Sleep & Pregnancy
Getting the right amount of sleep is vital, but just as important is the quality of your sleep. Conditions unique to women, like the menstrual cycle, pregnancy and menopause, can affect how well a woman sleeps. This is because the changing levels of hormones that a woman experiences throughout the month, like estrogen and progesterone, have an impact on sleep. Understanding the effects of these hormones, environmental factors and lifestyle habits can help women enjoy a good night's sleep.
- Exercise regularly, but finish your workout at least three hours before bedtime.
- Exercise may relieve some PMS symptoms and increase the amount of deep sleep.
- Avoid foods and drinks high in sugar (including honey, syrup), and caffeine (coffee, colas, tea, chocolate), as well as salty foods and alcohol before bedtime. Caffeine and alcohol disturb sleep.
- Try to have a standard bedtime routine and keep regular sleep times. Make sure your bedroom is dark, cool and quiet and that your pillow, sleep surface and coverings provide you with comfort.
- Consult your healthcare professional, if needed.
First Trimester (Months 1-3)
High levels of progesterone are produced, increasing feelings of sleepiness. Also, the number of times a woman wakes up during the night to urinate increases. Disturbed sleep patterns may begin. Interrupted sleep can cause daytime sleepiness. Women tend to sleep more during this time than before they were pregnant, or later in pregnancy.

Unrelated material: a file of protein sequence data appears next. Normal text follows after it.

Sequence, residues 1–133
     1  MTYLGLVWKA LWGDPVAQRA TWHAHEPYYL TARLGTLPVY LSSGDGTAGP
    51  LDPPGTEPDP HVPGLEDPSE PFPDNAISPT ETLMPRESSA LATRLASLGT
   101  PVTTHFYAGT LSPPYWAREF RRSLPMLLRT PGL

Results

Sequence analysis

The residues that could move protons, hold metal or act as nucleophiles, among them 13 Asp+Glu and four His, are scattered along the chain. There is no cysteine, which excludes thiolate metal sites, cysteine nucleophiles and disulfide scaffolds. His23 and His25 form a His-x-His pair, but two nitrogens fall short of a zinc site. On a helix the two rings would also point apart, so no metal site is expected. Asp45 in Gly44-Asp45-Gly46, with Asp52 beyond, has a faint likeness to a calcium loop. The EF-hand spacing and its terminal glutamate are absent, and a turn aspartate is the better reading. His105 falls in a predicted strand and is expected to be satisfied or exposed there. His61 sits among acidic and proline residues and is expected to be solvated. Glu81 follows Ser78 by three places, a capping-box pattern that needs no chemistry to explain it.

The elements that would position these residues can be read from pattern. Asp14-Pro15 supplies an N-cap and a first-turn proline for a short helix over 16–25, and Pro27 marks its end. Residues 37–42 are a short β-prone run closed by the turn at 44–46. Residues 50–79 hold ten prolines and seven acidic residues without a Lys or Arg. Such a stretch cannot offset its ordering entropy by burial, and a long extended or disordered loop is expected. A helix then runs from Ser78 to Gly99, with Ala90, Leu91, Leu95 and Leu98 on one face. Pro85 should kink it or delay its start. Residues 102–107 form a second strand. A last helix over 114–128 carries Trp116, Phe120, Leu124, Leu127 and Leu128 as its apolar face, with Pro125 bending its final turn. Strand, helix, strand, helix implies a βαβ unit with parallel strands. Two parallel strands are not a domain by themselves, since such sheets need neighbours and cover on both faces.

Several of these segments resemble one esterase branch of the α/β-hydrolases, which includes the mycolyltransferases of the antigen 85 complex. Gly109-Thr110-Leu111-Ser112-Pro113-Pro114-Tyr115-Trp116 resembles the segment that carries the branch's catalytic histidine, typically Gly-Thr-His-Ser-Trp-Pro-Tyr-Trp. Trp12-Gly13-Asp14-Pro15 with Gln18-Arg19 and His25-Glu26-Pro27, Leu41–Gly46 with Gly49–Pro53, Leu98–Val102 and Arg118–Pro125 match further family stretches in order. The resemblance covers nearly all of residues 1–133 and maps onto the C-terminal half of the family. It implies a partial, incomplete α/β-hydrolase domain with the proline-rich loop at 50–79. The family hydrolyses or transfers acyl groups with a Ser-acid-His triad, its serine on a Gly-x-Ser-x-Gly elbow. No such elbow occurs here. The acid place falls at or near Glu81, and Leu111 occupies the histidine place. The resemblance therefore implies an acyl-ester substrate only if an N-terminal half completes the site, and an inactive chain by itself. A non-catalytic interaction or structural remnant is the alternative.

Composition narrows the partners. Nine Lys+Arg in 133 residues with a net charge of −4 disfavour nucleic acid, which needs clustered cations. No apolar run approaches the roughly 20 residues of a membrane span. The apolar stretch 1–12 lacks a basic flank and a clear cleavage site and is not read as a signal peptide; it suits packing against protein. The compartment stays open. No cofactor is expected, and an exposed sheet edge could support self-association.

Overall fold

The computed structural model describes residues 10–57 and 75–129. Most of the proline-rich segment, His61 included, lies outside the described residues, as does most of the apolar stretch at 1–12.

Second Trimester (Months 4-6)
Progesterone levels still rise, but slowly. This allows for better sleep than during the first trimester. The growing fetus reduces pressure on the bladder by moving above it, decreasing the need for frequent bathroom visits. Sleep quality is still worse than it was before pregnancy.
Women experience the most pregnancy-related sleep problems now. They may often feel physically uncomfortable. Heartburn, leg cramps and sinus congestion are common reasons for disturbed sleep, as is an increased need to go to the bathroom. (The fetus puts pressure on the bladder again.) One recent study reported, that by the end of pregnancy, 98% of the women were waking during the night.
Restless Legs and Poor Sleep
Medications used to treat RLS may cause harm to the fetus and should be discussed with a doctor.
Sleep Tips for Pregnant Women
- In the third trimester, sleep on your left side to allow for the best blood flow to the fetus and to your uterus and kidneys. Avoid lying flat on your back for a long period of time.
- Drink lots of fluids during the day, but cut down before bedtime.
- To prevent heartburn, do not eat large amounts of spicy, acidic (such as tomato products), or fried foods. If heartburn is a problem, sleep with your head elevated on pillows.
- Exercise regularly to help you stay healthy, improve your circulation, and reduce leg cramps.
- Try frequent bland snacks (like crackers) throughout the day. This helps avoid nausea by keeping your stomach full.
- Special "pregnancy" pillows and mattresses may help you sleep better. Or use regular pillows to support your body.
- Naps may help. The NSF poll found that 51% of pregnant or recently pregnant women reported at least one weekday nap: 60 % reported at least one weekend nap.
- Talk to your doctor if insomnia persists.